The treatment of suspected MBD is similar to the treatment of the Wernicke-Korsakoff syndrome, and is primarily based on nutritional supplementation with B-group vitamins, including folate (B9), thiamine (B1), and vitamin B123,17,18. A high-dose corticosteroid therapy has been reported to cause clinical improvement3. So far, there is no specific gold-standard treatment for MBD and for its possible psychiatric symptoms17. Nonetheless, there is evidence of better outcome in thiamine-treated patients, while those treated with steroids showed no better outcome; thiamine supplementation during the acute phase of the disease leads to a significantly better outcome than treatment in the chronic phase6.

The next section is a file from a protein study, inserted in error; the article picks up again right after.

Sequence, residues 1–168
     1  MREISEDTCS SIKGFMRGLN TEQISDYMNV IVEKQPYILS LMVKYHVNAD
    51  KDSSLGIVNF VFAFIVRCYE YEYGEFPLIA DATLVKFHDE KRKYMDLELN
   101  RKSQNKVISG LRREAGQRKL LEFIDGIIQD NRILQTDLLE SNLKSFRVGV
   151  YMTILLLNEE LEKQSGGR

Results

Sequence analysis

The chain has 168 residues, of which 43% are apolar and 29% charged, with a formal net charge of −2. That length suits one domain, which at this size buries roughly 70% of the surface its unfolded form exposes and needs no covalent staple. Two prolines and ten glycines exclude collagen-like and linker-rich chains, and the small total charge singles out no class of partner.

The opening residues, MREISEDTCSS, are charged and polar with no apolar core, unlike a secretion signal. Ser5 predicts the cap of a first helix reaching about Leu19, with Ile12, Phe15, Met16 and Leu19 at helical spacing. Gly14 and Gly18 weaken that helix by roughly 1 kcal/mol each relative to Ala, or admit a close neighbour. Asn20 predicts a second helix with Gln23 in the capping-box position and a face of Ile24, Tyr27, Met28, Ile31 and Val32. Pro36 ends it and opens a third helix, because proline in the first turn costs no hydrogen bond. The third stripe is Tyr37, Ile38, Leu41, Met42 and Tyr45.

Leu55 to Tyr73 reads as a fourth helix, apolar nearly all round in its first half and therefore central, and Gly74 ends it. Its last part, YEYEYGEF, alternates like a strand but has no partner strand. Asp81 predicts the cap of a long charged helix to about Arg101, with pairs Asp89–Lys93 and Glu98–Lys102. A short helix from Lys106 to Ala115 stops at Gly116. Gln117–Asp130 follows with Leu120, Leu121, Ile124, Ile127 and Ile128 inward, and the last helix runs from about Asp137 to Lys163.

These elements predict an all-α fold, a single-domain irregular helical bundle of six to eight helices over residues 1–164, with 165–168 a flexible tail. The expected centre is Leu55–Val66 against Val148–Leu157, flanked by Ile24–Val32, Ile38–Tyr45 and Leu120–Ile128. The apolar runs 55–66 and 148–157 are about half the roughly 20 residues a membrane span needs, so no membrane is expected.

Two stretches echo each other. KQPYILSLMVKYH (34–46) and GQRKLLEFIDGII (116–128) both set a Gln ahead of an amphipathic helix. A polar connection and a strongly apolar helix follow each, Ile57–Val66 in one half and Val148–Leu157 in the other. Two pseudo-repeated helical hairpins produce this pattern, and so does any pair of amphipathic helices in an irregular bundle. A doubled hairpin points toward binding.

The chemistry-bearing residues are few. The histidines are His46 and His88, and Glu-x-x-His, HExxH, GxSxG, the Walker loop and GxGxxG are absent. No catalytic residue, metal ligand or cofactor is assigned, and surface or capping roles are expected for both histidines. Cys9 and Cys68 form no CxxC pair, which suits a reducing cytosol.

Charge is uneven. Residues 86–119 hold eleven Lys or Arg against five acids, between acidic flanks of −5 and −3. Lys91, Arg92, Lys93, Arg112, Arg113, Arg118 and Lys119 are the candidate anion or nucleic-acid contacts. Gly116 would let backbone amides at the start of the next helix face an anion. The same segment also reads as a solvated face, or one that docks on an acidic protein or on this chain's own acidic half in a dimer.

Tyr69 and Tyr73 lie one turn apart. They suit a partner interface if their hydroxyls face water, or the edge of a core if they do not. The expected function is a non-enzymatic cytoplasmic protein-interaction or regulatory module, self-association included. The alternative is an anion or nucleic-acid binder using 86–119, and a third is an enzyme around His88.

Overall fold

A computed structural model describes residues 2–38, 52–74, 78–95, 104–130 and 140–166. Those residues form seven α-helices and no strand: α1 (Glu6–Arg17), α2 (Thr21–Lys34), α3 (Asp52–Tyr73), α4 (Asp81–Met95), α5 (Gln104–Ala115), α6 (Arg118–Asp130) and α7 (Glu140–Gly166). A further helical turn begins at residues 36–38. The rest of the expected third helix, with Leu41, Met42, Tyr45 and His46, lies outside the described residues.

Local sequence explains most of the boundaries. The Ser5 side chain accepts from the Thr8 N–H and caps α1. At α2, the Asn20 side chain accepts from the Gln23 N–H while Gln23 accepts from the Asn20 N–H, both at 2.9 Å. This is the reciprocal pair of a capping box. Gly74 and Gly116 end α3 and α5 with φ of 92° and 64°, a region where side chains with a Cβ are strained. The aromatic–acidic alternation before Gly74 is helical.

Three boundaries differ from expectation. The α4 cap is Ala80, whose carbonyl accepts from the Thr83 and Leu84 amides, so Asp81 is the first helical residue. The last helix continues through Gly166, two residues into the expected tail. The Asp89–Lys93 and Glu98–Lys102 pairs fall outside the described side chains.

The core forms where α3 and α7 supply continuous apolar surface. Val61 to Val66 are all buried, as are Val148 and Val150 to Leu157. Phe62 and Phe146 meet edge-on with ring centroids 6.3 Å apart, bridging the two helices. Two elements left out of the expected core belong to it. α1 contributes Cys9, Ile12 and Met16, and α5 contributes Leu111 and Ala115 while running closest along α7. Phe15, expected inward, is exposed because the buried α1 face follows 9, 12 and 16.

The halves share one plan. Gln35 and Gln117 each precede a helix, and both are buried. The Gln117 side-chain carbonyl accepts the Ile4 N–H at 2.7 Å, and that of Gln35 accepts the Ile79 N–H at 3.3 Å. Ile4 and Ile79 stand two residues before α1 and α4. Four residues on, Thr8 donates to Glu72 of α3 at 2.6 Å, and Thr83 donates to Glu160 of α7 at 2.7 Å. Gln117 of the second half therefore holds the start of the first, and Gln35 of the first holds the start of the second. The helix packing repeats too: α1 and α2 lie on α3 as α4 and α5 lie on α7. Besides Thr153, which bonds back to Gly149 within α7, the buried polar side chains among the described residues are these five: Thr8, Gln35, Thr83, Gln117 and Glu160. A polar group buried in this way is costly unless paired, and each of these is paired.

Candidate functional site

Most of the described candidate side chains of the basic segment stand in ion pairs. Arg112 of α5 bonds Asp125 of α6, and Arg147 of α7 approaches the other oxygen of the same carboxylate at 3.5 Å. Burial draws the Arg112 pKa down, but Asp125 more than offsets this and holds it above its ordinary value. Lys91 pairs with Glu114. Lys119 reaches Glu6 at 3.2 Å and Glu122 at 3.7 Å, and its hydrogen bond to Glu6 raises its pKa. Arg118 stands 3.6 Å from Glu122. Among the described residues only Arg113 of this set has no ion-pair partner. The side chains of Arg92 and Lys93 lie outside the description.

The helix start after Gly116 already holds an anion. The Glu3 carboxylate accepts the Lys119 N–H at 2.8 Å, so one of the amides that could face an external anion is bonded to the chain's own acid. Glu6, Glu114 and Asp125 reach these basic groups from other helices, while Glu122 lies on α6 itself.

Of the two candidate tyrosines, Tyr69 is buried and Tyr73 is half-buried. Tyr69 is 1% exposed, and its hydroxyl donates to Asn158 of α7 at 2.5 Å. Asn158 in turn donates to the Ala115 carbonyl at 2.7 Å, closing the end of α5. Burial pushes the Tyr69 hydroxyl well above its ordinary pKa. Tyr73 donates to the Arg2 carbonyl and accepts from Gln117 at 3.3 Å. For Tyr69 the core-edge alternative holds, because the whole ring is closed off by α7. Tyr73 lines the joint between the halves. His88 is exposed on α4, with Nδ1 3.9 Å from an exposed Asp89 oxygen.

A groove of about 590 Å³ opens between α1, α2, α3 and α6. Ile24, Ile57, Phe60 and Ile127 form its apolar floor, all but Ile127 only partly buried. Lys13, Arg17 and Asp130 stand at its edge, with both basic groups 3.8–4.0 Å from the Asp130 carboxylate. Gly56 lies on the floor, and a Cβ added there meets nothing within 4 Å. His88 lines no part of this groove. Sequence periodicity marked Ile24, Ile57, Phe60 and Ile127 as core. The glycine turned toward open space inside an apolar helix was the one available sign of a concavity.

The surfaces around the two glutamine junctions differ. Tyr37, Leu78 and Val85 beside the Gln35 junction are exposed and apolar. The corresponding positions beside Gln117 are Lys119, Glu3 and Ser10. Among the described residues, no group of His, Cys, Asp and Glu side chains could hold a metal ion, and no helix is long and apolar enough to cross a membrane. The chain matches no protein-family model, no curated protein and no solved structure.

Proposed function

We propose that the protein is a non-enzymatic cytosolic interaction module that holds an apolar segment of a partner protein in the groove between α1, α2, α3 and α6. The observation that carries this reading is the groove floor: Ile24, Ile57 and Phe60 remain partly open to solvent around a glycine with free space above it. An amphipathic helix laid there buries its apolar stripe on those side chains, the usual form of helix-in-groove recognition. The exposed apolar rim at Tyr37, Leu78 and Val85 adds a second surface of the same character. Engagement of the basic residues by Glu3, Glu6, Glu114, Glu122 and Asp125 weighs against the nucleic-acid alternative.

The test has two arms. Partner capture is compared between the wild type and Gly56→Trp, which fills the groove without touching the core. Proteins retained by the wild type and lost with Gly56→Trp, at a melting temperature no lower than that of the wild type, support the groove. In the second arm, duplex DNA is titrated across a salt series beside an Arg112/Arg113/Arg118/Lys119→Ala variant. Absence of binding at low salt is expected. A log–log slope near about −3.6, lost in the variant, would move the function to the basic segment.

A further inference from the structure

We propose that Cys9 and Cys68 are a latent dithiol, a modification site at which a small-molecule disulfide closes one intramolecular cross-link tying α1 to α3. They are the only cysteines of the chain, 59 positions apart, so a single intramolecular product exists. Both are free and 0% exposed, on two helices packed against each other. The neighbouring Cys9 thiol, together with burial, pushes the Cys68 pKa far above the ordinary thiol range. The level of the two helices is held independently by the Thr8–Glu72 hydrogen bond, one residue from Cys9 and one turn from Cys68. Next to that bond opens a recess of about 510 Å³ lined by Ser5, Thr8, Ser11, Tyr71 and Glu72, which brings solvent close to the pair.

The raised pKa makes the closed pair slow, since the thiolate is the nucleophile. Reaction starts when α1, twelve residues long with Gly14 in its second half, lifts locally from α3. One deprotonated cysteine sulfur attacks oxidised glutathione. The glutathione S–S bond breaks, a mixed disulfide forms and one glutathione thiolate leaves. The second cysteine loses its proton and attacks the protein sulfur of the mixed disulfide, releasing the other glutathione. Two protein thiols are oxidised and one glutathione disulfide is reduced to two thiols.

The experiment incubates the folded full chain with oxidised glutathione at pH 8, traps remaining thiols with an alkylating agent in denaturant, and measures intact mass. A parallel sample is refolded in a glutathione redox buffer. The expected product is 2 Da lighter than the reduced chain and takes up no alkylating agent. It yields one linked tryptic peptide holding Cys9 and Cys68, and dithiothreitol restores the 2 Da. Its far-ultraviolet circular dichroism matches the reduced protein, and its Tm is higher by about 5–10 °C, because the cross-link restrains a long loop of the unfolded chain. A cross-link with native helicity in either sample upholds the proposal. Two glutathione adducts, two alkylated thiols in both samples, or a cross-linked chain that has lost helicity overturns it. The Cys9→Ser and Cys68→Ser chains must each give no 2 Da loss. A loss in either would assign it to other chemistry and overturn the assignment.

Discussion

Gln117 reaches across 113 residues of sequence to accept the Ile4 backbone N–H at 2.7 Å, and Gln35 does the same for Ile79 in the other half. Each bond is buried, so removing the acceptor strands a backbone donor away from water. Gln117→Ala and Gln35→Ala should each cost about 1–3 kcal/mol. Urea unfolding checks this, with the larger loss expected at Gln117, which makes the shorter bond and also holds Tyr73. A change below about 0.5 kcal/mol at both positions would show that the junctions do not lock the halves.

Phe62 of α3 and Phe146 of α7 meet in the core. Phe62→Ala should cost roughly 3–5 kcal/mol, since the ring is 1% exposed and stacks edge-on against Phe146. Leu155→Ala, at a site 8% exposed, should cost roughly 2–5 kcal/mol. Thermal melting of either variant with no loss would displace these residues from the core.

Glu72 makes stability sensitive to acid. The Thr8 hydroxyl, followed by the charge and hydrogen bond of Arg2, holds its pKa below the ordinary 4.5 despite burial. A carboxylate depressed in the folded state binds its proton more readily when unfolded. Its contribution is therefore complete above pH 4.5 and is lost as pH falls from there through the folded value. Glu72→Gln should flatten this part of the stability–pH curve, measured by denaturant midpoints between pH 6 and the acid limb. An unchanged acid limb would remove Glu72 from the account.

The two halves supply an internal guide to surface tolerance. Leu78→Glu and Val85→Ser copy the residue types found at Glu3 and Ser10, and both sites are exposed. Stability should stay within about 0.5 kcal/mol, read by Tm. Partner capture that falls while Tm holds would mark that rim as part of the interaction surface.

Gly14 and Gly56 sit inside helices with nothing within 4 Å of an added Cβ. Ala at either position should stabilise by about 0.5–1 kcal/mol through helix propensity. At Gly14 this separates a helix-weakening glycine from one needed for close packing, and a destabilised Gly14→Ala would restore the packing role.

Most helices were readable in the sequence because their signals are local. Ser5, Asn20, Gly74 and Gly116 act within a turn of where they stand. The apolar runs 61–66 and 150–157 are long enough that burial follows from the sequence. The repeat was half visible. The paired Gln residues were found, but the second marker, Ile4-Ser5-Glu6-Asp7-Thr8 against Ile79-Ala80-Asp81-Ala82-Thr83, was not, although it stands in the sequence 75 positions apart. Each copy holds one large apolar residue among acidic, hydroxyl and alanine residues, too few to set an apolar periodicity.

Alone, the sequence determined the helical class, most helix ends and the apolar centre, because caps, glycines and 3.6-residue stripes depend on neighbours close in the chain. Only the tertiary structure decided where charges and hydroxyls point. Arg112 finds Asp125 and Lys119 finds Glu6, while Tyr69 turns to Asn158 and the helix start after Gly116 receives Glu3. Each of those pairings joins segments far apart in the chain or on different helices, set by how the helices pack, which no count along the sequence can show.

Our aim is to describe the case and the specific management of a patient with MBD with frontal cortical lesions, no specific symptom at first referral to the Emergency Room (ER), and late onset of atypical psychiatric symptoms.
The patient, a 44-year-old male, was referred to the ER of the Maggiore della Carità Hospital, Novara, Italy, due to decrease in visual acuity, asthenia and hyporexia that had persisted for about two weeks. The patient’s relatives complained that his food intake had decreased significantly during the last 20 days and that he was fasting since a week; they reported also reduced autonomy in carrying out common daily tasks.